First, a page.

Brokers looking to help stem rates volatility with more predictable freight

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In a year that’s seen per-mile freight rates crash to paltry levels and then boom to record highs in a six-month span, some prominent digital freight brokers have said they’re instituting programs to try to sheer the extremes of the market volatility and, in doing so, provide more dedicated freight options to independent owner-operators.

Digital brokerage Convoy‘s new Guaranteed Primary program, though aimed at the company’s shipper customers, should open up more contracted freight options for owner-operators and small fleets through Convoy’s platform, says Dan Lewis, CEO and company co-founder. Guaranteed Primary is, in some ways, a hybrid take on contract freight and spot market loads. Instead of locking pricing in like a traditional contract between a shipper and carrier or broker, the program instead ties contract freight rates to what’s going on in the market.

So if rates are going up on the spot market, shippers aren’t at the whims of that increased market pressure. Likewise, when rates are trending down, Convoy, and presumably the carriers hauling loads for the company, won’t get pummeled like they did this spring.

It addresses “the natural way freight works,” said Lewis. “And it creates a model that’s sustainable and that can handle any market condition.” For example, “if rates come down significantly, often shippers will try to go to the spot market instead of giving freight to their contracted partner,” said Lewis. Under Guaranteed Primary, shippers would have less incentive to divert freight to the spot market when rates are cheaper there. Or, vice versa, if rates start spiking, carriers will be less likely to reject tenders and turn to the spot market to earn stronger rates.

Other brokers are making somewhat similar plays with increased dedicated and predictable options for truckers within their networks, including longtime broker C.H. Robinson, as reported previously here at Overdrive. Robinson’s Procure IQ system, also aimed at shippers, in a certain sense resembles Guaranteed Primary. It’s aimed at allowing a shipper’s access to rich data on Robinson’s rate performance lane by lane to introduce greater dynamism into the pricing process, informing (at the least) and potentially transforming the traditional bid process. Schneider National’s brokerage arm, too, recently launched its FreightPower connection engine for carriers aimed partially at improving the digital-connection experience for its partner independents and small fleets, introducing new paths into power-only loads within Schneider’s vast network of retail freight.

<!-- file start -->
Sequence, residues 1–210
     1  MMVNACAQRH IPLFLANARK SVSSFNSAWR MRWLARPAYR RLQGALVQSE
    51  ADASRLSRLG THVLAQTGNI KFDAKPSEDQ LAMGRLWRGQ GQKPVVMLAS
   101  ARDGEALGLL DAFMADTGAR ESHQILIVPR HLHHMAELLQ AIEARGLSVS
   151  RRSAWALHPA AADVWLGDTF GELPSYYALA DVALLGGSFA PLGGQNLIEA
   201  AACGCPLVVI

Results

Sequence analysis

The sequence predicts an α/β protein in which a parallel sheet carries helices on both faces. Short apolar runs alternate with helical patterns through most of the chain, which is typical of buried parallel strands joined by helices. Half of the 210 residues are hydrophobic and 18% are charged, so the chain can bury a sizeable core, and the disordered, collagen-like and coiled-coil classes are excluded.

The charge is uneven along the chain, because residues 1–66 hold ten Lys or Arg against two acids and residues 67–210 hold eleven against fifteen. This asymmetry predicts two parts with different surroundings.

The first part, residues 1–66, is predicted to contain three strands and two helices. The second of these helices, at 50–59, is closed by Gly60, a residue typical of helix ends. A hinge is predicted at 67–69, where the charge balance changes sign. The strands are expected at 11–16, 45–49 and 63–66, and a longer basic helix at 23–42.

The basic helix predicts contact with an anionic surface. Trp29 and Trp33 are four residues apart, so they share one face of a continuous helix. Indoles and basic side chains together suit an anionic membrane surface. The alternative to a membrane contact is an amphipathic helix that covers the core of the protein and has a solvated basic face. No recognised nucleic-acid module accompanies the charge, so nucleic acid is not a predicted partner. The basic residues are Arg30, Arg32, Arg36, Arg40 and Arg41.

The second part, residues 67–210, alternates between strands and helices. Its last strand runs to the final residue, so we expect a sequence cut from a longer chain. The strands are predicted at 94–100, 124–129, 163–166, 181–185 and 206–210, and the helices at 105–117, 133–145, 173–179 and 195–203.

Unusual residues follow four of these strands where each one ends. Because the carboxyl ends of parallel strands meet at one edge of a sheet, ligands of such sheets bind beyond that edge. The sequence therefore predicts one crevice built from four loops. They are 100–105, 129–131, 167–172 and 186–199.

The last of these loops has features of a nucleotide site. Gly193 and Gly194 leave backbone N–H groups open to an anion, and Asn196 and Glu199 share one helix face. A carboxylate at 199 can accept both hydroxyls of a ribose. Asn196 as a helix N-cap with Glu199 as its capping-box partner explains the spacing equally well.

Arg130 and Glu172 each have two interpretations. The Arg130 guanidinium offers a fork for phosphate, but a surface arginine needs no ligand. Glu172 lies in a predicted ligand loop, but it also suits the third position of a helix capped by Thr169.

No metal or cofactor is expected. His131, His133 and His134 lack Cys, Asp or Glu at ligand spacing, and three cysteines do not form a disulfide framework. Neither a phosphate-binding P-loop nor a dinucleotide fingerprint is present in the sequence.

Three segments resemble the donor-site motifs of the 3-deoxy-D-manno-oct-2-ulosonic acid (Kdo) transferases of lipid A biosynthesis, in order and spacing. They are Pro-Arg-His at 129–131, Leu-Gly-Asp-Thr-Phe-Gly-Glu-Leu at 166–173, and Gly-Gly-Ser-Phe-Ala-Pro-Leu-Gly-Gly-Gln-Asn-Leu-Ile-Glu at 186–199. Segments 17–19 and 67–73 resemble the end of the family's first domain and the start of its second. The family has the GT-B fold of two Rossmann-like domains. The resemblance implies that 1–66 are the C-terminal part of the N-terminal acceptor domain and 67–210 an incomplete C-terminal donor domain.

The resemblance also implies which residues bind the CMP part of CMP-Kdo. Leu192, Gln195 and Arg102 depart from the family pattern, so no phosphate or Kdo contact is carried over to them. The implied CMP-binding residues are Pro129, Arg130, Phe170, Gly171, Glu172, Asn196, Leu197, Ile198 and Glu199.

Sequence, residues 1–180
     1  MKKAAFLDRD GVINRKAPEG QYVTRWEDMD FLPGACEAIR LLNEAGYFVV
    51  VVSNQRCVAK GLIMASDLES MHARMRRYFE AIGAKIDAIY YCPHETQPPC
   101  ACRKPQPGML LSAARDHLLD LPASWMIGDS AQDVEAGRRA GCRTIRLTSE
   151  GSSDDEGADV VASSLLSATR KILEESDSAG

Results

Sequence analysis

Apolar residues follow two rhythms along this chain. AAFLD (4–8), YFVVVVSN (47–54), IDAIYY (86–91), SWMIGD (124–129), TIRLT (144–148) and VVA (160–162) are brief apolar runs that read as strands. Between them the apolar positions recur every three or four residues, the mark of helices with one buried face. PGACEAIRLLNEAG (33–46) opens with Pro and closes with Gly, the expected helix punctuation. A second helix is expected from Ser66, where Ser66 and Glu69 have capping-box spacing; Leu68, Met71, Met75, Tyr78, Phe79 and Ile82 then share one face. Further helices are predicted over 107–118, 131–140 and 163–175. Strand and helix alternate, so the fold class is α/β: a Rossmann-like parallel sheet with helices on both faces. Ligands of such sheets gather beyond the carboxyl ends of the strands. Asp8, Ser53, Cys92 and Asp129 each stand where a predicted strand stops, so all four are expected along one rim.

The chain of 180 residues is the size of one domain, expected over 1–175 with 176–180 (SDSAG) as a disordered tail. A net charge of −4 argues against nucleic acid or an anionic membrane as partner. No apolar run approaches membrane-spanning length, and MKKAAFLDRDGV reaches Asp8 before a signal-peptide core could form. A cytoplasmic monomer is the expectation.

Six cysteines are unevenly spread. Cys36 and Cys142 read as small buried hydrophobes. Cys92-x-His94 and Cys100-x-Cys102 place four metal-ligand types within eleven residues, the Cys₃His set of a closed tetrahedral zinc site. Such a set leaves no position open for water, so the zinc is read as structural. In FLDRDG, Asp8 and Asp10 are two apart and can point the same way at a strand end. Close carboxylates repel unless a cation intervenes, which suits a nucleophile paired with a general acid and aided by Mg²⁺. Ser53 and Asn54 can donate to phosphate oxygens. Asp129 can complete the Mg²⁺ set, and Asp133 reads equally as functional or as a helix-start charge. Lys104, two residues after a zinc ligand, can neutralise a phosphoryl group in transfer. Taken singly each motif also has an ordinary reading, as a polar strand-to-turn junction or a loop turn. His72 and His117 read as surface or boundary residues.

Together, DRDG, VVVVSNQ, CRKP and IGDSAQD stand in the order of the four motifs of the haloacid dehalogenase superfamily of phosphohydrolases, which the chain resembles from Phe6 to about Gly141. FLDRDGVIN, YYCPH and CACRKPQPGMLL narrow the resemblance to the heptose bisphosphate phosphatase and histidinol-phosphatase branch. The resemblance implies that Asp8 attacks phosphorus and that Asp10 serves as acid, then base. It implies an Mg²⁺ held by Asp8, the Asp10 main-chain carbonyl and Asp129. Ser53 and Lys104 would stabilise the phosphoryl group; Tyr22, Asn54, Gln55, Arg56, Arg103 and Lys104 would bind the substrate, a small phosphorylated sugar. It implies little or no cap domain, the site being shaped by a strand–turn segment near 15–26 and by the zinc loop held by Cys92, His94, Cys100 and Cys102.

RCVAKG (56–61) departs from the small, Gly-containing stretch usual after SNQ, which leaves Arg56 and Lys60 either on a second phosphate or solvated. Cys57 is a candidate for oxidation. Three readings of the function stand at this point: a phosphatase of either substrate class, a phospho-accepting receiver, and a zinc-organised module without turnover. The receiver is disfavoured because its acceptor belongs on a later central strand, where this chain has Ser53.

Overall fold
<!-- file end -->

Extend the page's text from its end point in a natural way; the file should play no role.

Uber Freight, meanwhile, is newly offering a “dedicated lanes” featured within its app that’s aimed at putting volatility control directly into carriers’ hands. It allows carriers to lock in pricing for a specific term on a specific lane, delivering predictability to both the carriers and the shippers on the other end. It’s a direct response to the volatility that’s plagued the markets this year and in the past, said Sagar Shah, carrier operations director. The system allows “carriers to sign up for a regular lane and commit to a regular price” for “consistent, reliable freight for them. … We launched it about a month ago.”

As with many brokers, Lewis said nearly all of Convoy’s freight is moved by fleets with fewer than 10 trucks, and the programs the company builds are intended to provide benefits to that segment of the industry. “So they can show up to the market with the same strength as larger carriers,” said Lewis.

Though Convoy since last year has offered freight contracts to owner-operators and small fleets, such as 12-week or 6-month commitments with locked in per-mile prices, Guaranteed Primary should serve to open up even more lanes and freight for dedicated hauls, Lewis said. So far, shippers seem interested in the program, he said. “We’ve added over a dozen major customers into this program just over the past month or two,” he said. The traditional contracted freight model, Lewis said, increasingly “feels like a shoe that’s the wrong size,” relative to how the freight market operates in the modern era.

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